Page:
Since its creation in 2005, the EU Emissions Trading System (ETS) has been in a near constant state of crisis and reform. Since 2011, the carbon price has remained below €10 a tonne, unable to significantly influence investment decisions, and failing to drive the most cost-effective emissions cuts.
The final trialogue discussions in the latest round of carbon market reform are now approaching: these give us one more chance to push towards policy which would support a meaningful European carbon price, and step up Europe’s efforts to tackle climate change.
For a meaningful carbon price before 2030, the trialogue discussions on September 13th must:
Supporting the European Council proposal prevents an enormous overhang of spare allowances building up over the system which would undermine confidence in the market. Without cancellation we predict the surplus in the MSR alone will be over 3Bt in 2025.
Without a faster MSR intake rate, the surplus on the market will be 1-2Bt in 2025, dependent on emissions assumptions. In Sandbag’s “low emissions” scenario (e.g. if coal plants close more quickly than expected) the market surplus will still be over 2Bt into Phase V.
Building on elements of the two drafts, and in line with the Paris Agreement process, a five-yearly rebalancing would give the ETS long-term resilience to different emissions scenarios and economic cycles. Furthermore, no amendments currently proposed address the growing impact on the market surplus of overlapping policies for power sector emission reductions.
The rock-bottom carbon price (currently around €6) is not the only issue facing the ETS. Reforms should also:
- End ETS funding for coal power by bringing in a 450g/CO2/kWh limit on Article 10c and Modernisation Funds
As proposed by the European Parliament, this stops free allowances being used for investments in coal plants. A carbon intensity threshold for investments under the ETS would be in line with the 2013 European Investment Bank decision to stop investing in high-carbon power plants, and with the Commission’s proposed legislation to prevent capacity payments to high-carbon plants. To reach the “Below 2 degrees” goal agreed at Paris, IEA modelling shows there must be no unabated coal in Europe by 2030, so Central and Eastern Europe needs support to avoid lock-in over the next decade. Having a clear low-carbon investment criterion is more important for this purpose than disputes on governance of the funds.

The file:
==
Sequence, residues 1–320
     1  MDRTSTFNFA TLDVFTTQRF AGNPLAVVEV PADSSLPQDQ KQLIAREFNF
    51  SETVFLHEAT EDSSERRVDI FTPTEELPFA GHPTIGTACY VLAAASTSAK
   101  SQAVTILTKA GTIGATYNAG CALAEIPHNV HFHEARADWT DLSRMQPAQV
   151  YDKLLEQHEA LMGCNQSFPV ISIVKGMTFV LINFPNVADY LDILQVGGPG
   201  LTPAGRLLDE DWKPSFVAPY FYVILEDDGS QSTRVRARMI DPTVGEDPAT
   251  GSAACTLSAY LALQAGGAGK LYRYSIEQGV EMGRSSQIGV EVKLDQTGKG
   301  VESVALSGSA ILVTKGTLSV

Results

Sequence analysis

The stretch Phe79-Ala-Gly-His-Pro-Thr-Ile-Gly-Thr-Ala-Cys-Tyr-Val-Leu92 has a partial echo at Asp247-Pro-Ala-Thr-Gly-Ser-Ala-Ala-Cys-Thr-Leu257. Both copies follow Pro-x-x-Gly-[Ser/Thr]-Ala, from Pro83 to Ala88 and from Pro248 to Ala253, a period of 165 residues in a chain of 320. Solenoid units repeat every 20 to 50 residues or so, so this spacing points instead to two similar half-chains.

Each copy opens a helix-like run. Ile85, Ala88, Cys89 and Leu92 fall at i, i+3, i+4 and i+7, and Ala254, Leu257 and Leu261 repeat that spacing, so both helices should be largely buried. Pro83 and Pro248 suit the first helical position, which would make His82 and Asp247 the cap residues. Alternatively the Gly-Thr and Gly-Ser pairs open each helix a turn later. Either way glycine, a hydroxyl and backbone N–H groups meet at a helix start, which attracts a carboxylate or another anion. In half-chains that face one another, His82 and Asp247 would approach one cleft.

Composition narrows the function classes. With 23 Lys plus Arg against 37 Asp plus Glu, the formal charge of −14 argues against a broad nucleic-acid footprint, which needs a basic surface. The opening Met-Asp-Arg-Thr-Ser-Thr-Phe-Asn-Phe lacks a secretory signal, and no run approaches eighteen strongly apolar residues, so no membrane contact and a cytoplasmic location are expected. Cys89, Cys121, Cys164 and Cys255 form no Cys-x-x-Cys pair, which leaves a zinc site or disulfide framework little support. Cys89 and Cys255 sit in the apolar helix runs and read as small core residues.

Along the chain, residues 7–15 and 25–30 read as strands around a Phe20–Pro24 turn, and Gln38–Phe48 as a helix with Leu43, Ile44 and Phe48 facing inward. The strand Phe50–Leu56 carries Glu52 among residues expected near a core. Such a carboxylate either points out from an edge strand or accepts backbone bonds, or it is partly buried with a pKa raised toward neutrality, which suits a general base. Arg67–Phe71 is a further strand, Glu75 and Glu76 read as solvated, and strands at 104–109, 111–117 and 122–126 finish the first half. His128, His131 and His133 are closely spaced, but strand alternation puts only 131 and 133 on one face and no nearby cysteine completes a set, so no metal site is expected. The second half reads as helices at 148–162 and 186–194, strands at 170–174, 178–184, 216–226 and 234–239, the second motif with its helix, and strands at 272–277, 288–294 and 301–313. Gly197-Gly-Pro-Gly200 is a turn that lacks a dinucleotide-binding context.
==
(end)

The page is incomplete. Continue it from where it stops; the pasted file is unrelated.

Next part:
- Maintain the share of allowances auctioned at 57% (as in the Commission proposal).
Sandbag research shows that Free Allocation to some high-emitting industry will actually increase in Phase IV, even as the need for carbon leakage protection lessens (as other jurisdictions develop carbon pricing). Industry is well protected and has nothing to fear from the current ETS reforms.
The persistent surplus
As currently amended by the European Council, Sandbag has calculated that the reforms will leave the ETS with a market surplus of over 1Bt late into the 2020s, even in our conservative base case emissions scenario. In our low-case emissions scenario, the market surplus will remain over 2Bt even in 2030.
With market surpluses in the 2020s similar to today’s daunting size (1.7Bt) we would not expect to see a carbon price above €10. This isn’t good enough.
Recent reforms in California are showing how carbon pricing can work effectively, with prices above €12 and climbing. Meanwhile British Columbia’s €25 carbon tax is shortly to be expanded around Canada, and China is set to launch their own carbon market later in the year. It’s time for the EU to catch up, and start driving low-carbon innovation here.
Read more on our emissions forecast in Sandbag’s May briefing A tale of two surpluses
Read about our proposal for a five-yearly rebalancing mechanism in Sandbag’s June briefing: Creating a virtuous circle
Read more about why we need a Europe wide uniform legislation on investments in energy supply in our briefing on capacity markets: Capacity payments and 550g and check out Sharing the burden for why having a clear low-carbon investment criterion in legislation is more important than disputes on governance of the ETS low-carbon funds.